INDIANAPOLIS — Forget about the hairdos and the lip gloss and the “bigger than Michael Jackson” predictions. When Carl Lewis blows his whistle at the top of the long jump runway, people still come out to watch. They come out big.
So it was that most of the media at these Pan American games were baking in the mid-day sun inside a nearly sold out stadium Sunday, watching Lewis strip off his sweats, toss them in a pile, and shake loose those glorious muscles in another attempt to kill the ghost that lives inside the pit.
“This is his favorite track,” people whispered.
“Remember the 30-footer that was called foul?”
“He says he’s going to break it today.”
No, not really. The problem with setting the table for history is that you usually waste a lot of good food. Carl Lewis has been chasing Bob Beamon’s haunting 29-foot, 2 1/2-inch long jump mark since before he was wearing white sunglasses and orange tights. And now the tights and glasses are gone and the record is still there, and so are the expectations every time he jumps.
He never says he will get it. He never says he won’t. What Carl Lewis does mostly is drop hints here or there — “The conditions should be excellent,”
“I’m really jumping well right now,” “I think 30 feet is definitely possible”
— and we take it from there.
So everyone in the stadium Sunday was looking for a world record, and so were the network TV cameras and, as has been happening since Beamon leaped in 1968, the record did not come.
Oh, Lewis windmilled through the air, and brought gasps when he landed, and even raised an exultant fist on his winning jump — and yes, naturally, he did win the competition, and in fact, finished with four of the best 15 jumps of his life. But when he landed on his sixth and final attempt only 28-5 3/4 from the take-off board (kids, please don’t try this at home) a silent exhale rose from the crowd. No ghosts would die today. Same questions, same answers Shoot for heaven, and stars will disappoint you. In the crowded and stifling-hot press tent after the competition, Lewis sat before a microphone, and took questions about his day’s efforts.
“The wind? Was that the problem?” someone began.
“I think it was pretty obvious the wind made it extremely difficult,” Lewis said.
“The 4 by 100 relay (which Lewis had to run in the middle of the long jump competition), was that part of the problem?”
“I was definitely tired from that,” he said.
“Are you disappointed in missing the record?”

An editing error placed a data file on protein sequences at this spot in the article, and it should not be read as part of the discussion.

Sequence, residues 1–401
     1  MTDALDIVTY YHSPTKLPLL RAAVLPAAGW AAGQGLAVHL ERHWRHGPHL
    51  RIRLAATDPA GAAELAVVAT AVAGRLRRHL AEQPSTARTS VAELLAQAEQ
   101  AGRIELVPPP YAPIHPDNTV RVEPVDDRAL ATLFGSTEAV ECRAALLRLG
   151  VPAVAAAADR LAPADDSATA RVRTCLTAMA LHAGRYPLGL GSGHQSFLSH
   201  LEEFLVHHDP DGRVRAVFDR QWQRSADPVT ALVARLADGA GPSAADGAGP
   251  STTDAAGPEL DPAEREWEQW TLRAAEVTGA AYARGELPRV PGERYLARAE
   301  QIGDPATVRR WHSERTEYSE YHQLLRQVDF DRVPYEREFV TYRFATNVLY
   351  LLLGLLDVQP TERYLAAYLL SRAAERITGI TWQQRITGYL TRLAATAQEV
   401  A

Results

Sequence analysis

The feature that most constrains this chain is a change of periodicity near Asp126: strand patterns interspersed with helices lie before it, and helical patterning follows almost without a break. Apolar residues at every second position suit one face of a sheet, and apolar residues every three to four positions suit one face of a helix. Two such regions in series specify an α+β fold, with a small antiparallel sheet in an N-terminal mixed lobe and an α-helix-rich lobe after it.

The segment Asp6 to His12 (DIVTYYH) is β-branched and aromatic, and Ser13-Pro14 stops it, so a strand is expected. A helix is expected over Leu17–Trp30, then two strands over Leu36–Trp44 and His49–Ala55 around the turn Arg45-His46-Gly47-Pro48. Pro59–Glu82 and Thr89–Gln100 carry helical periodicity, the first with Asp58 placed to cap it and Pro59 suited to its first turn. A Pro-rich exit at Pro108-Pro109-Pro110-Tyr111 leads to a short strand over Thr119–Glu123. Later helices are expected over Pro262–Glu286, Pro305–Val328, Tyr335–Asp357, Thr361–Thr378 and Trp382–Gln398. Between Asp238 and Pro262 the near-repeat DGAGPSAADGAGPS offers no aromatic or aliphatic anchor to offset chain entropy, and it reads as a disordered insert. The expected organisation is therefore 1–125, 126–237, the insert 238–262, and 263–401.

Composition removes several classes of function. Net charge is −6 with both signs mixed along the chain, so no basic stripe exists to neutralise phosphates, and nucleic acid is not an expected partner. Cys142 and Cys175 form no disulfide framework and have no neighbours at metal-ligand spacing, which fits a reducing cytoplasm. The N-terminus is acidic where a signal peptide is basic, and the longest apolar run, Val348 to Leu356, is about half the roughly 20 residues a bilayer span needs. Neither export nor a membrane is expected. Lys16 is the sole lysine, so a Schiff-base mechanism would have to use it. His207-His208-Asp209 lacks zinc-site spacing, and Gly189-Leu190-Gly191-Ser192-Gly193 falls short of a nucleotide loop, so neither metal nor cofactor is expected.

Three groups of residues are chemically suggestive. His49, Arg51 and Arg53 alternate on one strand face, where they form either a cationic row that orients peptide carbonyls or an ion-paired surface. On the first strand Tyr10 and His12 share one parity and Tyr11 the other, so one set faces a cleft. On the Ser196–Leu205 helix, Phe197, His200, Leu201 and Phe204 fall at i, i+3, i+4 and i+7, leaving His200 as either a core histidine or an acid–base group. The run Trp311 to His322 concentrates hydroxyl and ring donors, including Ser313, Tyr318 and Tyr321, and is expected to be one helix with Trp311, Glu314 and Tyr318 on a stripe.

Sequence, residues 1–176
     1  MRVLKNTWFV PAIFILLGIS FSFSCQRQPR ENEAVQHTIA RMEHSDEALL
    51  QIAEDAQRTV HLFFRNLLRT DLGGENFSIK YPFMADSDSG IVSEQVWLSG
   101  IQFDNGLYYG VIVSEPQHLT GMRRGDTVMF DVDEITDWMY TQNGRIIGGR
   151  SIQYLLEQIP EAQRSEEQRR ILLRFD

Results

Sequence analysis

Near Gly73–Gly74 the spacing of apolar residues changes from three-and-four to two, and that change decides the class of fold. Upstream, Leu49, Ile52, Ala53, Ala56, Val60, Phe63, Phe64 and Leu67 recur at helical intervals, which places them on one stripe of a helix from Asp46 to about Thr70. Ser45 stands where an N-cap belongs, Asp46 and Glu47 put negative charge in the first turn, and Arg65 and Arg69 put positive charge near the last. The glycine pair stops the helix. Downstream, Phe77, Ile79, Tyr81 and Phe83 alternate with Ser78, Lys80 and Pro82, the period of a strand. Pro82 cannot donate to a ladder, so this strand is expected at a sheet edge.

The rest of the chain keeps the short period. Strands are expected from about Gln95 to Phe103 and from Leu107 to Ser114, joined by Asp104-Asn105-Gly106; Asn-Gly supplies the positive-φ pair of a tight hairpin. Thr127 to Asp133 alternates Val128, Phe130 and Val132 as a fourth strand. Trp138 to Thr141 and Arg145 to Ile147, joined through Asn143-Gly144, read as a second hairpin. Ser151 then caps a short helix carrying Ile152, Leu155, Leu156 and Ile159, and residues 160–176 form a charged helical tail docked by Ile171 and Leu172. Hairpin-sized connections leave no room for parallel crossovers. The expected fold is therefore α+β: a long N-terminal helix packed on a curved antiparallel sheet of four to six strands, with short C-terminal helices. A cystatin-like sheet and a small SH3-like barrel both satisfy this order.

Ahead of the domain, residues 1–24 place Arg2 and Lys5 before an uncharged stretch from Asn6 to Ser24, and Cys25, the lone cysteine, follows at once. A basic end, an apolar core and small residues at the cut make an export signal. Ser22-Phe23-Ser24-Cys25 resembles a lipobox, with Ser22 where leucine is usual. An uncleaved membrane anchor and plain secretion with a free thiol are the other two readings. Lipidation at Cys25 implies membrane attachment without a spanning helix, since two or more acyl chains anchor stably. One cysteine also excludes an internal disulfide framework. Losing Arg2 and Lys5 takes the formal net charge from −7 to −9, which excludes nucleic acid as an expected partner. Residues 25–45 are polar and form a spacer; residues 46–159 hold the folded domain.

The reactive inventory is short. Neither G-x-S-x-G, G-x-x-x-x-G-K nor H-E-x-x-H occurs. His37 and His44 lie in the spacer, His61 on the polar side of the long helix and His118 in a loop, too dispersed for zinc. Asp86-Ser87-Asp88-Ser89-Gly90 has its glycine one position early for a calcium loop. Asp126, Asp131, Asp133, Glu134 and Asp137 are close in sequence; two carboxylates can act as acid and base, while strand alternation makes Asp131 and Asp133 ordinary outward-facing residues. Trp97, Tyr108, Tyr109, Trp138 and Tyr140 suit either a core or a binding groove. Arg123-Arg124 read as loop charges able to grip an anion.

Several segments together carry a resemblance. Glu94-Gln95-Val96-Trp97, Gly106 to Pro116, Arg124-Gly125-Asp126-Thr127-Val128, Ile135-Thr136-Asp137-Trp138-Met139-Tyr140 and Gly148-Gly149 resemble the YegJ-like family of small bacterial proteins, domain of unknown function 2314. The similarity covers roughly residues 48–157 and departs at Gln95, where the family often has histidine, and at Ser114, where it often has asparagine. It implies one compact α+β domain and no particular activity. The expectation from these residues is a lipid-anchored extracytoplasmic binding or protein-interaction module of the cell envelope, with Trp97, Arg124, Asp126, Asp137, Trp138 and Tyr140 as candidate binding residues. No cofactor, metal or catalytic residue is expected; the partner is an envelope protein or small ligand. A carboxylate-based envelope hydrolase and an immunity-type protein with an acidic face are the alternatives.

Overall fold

“No, I’m not disappointed . . . “
This was a press conference he has been having for years. Are you disappointed? What went wrong? Why didn’t you get it? It is always something
— the wind, the surface, the time of year. And people walk away mumbling about Lewis’ lack of any individual world records, sprints or jumps.
A word in his defense. On the track, Lewis is still a magnificent athlete, perhaps the best in the world. His very movements seem to draw the pleased nods of track gods, he is built so perfectly for his events; sleek where he need be, thick where he need be. And besides, he is fast as hell.
Having said that, let us say this: He has spoiled us. His four gold medals at the 1984 Olympic Games, and the selfish way he conducted himself prior, during, and after, have placed the carrot of our affections in front of him — at exactly world record distance. Anything less will not do.
“If I can jump 28-8 1/2 like I did today, if I can jump six times over 28 feet (as he did earlier this year), if I can keep doing stuff like that, then there will be a day when the conditions are good, and when the right day is there . . . “
He didn’t finish. But then, he didn’t have to. Explanation is needed “Do you think the public is disappointed in you now when you don’t get a record, even if you win?” he was asked.
“I think the people who understand the event, who understand that the conditions were not good, that today was difficult, then they aren’t disappointed.”
“Do you think people understand the event that well?” he was asked.
“They would if it was explained to them,” he snapped. “Next question?”
“Can you comment on the victory itself?”
“Oh, I’m pleased,” he said. “That’s something that shouldn’t be overlooked. A gold medal. A victory in a major international meet. I’ve never won a gold medal in the Pan American Games before. I’m really happy about that”
It was duly noted, jotted down on the pads. But the world record had not come, and the press conference ended with a number of reporters already outside the tent, skipping the last few questions. “Carl has to go,” announced the PR man finally, and Lewis ducked out the back, into the breeze of another ordinary day.